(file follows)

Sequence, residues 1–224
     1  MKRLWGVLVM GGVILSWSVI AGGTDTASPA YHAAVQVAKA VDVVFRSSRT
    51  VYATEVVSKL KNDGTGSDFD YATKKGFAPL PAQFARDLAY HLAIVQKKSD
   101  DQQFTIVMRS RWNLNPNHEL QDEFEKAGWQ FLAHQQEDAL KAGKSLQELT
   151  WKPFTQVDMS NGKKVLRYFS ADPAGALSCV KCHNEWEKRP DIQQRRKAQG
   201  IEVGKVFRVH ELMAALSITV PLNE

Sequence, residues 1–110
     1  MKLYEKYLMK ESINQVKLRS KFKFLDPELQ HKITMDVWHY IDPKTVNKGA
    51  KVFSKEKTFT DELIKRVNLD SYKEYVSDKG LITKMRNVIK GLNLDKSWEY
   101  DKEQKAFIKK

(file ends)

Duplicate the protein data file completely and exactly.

Sequence, residues 1–224
     1  MKRLWGVLVM GGVILSWSVI AGGTDTASPA YHAAVQVAKA VDVVFRSSRT
    51  VYATEVVSKL KNDGTGSDFD YATKKGFAPL PAQFARDLAY HLAIVQKKSD
   101  DQQFTIVMRS RWNLNPNHEL QDEFEKAGWQ FLAHQQEDAL KAGKSLQELT
   151  WKPFTQVDMS NGKKVLRYFS ADPAGALSCV KCHNEWEKRP DIQQRRKAQG
   201  IEVGKVFRVH ELMAALSITV PLNE

Sequence, residues 1–110
     1  MKLYEKYLMK ESINQVKLRS KFKFLDPELQ HKITMDVWHY IDPKTVNKGA
    51  KVFSKEKTFT DELIKRVNLD SYKEYVSDKG LITKMRNVIK GLNLDKSWEY
   101  DKEQKAFIKK